Dennis Franklin Cromarty school graduates 24 'resilient' students

Twenty four students at a First Nations high school in Thunder Bay, Ont., have taken the once-in-a-lifetime walk across the stage, and the principal says she couldn't be more proud.

School principal says she's 'so very proud' of the young people walking across the stage

Dennis Franklin Cromarty High School principal Sharon Angeconeb says 24 students graduated in 2018. (Nishnawbe Aski Nation / Twitter)

Twenty four students at a First Nations high school in Thunder Bay, Ont., have taken the once-in-a-lifetime walk across the stage on graduation day, and the principal says she couldn't be more proud.

"They're very resilient, very strong and that's something that we see every day," said Sharon Angeconeb, the principal at Dennis Franklin Cromarty High School. "But then to see the ... accomplishment at the end when they achieve their diplomas, that's something that we all look forward to."

Graduation time is a chance for staff, students, their families and home communities to celebrate the young people's accomplishments, Angeconeb said, adding many families fly in to Thunder Bay from the far north to attend the ceremony.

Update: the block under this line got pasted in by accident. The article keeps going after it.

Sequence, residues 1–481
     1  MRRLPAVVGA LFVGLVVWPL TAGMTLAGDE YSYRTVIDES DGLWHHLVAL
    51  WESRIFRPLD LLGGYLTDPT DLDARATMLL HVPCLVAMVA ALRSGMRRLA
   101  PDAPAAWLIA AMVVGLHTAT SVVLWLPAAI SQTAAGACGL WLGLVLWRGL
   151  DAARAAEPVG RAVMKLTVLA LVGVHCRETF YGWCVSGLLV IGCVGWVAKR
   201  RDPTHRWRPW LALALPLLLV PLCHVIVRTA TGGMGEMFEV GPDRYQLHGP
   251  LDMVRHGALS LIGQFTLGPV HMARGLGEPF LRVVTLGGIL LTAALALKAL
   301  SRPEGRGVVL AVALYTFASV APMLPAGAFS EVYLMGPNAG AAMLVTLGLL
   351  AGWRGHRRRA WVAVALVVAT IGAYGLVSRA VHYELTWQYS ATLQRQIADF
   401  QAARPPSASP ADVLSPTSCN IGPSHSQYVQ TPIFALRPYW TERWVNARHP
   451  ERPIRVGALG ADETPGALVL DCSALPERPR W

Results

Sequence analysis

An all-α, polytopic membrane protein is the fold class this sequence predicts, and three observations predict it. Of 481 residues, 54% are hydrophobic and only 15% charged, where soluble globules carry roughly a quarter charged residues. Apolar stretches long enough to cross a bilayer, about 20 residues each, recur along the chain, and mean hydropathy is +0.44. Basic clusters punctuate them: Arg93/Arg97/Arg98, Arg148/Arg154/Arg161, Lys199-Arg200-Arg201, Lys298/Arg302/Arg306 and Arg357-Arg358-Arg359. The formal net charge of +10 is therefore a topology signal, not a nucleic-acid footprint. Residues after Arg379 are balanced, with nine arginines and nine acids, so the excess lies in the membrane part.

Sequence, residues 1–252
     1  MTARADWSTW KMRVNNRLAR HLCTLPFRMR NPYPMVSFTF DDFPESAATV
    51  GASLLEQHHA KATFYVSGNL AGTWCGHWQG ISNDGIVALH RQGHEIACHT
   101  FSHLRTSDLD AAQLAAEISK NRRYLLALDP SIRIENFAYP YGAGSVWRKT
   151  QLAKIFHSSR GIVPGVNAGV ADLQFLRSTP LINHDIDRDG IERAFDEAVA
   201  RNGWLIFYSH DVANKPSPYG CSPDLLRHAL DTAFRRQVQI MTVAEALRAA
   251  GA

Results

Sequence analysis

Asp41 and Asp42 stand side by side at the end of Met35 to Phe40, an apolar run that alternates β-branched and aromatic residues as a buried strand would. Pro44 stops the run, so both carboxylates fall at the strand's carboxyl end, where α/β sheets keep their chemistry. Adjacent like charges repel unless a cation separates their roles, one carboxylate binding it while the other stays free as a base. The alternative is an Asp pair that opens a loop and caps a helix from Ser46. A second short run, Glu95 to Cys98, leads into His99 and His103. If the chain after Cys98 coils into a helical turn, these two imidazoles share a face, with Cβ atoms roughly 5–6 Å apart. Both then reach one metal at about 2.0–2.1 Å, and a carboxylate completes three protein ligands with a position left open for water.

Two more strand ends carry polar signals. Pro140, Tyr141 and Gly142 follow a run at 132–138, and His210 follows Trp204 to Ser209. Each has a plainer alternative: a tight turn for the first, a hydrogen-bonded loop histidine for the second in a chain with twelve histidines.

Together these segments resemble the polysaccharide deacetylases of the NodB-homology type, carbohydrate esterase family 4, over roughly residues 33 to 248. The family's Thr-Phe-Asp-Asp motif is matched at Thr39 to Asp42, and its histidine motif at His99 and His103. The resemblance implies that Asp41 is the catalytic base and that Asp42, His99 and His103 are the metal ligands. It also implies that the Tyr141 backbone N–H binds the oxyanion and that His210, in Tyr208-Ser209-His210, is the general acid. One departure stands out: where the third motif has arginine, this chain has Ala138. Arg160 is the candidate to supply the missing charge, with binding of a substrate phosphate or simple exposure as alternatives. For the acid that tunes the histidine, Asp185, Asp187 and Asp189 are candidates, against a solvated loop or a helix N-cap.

"Everyone is just super excited about the whole ceremony, but also leading up to it; everything that you need to do to get ready for the ceremony, the shopping for the grad outfit and so on," she said.

This year's graduating class is a little bit smaller than the past couple of years, Angeconeb said, but still a healthy number "considering that we didn't have a high enrolment." She added that it has been a difficult year for students in the city because of renewed concerns over Indigenous students' safety.

Increasingly, families from remote First Nations won't send their children to school in Thunder Bay.

"We all know this past school year, especially last summer, there was a lot of fear in Thunder Bay in regards to the students' safety and so on — rightly so," Angeconeb said.

"But these young people, this group of young people, these graduates, they persevered."

The fact that many families also bring the graduates' younger siblings or nieces and nephews to the ceremony is inspiration for them, too, she said.

"[It's] very important that the little ones see what they can do," Angeconeb said. "The graduates are role-modelling how important it is to get an education."

She said the students are often feted by families and home communities after graduating.

"It's exciting to see them ... cross the stage and get their diplomas."